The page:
SEATTLE, Jan. 16, 2024—On Jan. 28 at 7 p.m., in commemoration of International Holocaust Remembrance Day, the Museum offers an inspiring program with two women, Maud and Ingrid, who were children in Nazi-occupied Netherlands during WWII. Theirs is a story of the rescued and the rescuer, brought together then and forever. They will share their memories, the impacts of these experiences, and their messages for us today. The program is free and open to everyone. Registration is required at  the Holocaust Center for Humanity website.

The Story of the Rescuer and Rescued: Maud and Ingrid 

In 1942, Maud was 6 years old and living in the Netherlands. The Nazi presence was becoming increasingly dangerous for Jewish families like Maud's. When Maud's family received a "call-up" notice instructing them to come to the train station with a suitcase, the family was suspicious. They called upon a non-Jewish friend who was working with the Dutch Underground, a resistance movement opposed to the Nazis. The Underground found a temporary hiding place for Maud and her younger sister with Jan Kanis and his four children. Jan's youngest child, Ingrid, would be born shortly after Maud's brief stay, but she grew up with the stories about Maud and her sister and many other Jews that her parents hid during the Holocaust.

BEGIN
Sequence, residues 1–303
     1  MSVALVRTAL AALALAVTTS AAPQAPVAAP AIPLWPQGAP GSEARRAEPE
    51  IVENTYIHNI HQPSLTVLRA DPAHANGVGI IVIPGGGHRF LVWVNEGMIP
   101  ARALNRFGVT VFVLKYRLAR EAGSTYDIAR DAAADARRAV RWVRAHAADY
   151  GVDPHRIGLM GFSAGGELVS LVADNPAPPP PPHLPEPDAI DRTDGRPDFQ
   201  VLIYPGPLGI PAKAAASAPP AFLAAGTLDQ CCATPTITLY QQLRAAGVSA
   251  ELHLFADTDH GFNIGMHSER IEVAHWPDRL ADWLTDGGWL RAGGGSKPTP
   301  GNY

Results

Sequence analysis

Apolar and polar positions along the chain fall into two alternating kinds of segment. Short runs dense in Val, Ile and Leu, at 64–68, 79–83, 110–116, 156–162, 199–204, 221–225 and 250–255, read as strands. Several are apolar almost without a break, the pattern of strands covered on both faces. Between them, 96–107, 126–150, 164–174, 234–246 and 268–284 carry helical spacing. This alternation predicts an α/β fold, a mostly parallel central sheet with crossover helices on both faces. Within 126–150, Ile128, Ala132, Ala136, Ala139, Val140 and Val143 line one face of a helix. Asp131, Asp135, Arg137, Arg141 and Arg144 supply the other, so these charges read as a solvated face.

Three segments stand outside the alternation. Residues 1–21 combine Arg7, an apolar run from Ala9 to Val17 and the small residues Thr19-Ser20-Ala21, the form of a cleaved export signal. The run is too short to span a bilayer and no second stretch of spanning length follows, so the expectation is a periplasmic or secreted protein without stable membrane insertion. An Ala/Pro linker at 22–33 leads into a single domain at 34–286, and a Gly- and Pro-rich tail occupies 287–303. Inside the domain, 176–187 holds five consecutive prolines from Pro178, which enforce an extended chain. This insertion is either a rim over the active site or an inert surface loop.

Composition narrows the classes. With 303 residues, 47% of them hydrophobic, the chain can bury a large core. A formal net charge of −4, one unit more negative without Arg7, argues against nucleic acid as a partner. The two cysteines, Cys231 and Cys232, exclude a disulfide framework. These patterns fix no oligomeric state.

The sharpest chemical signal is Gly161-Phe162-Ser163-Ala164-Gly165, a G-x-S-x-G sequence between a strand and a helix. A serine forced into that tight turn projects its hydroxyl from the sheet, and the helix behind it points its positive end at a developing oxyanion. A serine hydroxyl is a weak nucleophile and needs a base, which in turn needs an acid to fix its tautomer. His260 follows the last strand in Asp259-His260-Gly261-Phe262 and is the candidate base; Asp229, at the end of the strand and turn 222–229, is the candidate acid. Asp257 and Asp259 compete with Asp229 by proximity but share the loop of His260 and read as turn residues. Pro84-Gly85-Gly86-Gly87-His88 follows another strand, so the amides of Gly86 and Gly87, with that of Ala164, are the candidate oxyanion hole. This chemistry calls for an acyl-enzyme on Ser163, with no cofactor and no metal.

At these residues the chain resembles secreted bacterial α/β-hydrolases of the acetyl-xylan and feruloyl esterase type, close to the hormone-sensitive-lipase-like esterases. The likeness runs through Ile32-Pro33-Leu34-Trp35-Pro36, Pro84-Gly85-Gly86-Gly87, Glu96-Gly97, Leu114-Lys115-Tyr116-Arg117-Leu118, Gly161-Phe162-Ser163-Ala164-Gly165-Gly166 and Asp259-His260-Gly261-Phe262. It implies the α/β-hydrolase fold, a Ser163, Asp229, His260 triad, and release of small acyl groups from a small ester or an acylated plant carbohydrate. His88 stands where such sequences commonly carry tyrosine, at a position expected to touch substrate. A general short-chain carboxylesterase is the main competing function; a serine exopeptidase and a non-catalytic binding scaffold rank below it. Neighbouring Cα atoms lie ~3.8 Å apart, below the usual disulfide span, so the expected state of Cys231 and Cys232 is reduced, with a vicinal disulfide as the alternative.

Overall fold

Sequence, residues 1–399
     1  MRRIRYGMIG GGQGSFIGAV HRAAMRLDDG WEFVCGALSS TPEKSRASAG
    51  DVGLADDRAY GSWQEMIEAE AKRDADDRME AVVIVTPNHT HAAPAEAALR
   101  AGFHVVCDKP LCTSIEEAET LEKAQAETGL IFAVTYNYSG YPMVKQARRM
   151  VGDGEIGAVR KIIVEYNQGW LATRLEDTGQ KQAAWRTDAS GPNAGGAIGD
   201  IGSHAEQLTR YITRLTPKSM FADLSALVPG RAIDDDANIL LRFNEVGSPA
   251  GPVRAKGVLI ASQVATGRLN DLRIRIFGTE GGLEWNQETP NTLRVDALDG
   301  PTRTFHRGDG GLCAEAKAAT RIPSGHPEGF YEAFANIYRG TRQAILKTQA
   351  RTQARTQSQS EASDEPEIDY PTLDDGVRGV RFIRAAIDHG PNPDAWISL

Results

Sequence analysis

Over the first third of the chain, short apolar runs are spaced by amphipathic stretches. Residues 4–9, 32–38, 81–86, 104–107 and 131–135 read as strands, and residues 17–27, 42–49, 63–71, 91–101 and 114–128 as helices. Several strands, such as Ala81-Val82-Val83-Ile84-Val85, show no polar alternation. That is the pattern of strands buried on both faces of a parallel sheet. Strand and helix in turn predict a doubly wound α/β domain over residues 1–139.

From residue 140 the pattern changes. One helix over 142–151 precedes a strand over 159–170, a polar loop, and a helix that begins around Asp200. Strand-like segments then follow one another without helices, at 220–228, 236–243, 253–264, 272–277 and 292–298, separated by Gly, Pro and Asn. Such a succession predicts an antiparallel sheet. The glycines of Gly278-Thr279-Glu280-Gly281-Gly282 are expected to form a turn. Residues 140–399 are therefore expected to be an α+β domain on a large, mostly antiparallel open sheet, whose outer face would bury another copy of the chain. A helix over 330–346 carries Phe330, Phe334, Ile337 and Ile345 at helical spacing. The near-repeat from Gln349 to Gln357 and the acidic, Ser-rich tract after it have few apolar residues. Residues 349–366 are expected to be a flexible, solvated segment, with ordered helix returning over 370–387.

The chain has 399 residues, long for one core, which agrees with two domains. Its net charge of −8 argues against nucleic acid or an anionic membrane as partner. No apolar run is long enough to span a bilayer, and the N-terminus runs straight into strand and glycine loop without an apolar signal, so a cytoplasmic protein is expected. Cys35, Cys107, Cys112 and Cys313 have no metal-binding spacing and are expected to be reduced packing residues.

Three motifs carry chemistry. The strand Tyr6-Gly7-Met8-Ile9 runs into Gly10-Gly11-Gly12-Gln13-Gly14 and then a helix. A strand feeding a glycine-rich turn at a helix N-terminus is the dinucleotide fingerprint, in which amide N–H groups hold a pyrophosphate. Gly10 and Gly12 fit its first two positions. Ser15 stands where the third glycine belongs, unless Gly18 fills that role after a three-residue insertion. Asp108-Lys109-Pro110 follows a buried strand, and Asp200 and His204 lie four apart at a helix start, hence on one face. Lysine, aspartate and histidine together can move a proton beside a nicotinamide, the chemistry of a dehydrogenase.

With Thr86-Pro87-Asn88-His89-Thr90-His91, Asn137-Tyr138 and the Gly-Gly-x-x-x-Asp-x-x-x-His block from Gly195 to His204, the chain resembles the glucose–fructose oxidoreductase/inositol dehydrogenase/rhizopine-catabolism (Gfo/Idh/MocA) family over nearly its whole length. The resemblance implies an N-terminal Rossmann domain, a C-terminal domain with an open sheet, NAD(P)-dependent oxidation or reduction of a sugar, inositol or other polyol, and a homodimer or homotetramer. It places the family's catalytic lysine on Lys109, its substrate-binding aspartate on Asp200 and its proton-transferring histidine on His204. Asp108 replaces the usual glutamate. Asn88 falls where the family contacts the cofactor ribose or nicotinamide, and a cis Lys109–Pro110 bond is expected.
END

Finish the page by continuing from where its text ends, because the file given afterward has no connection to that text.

Image: Maud and Ingrid when they were girls. Photo courtesy Holocaust Center for Humanity.


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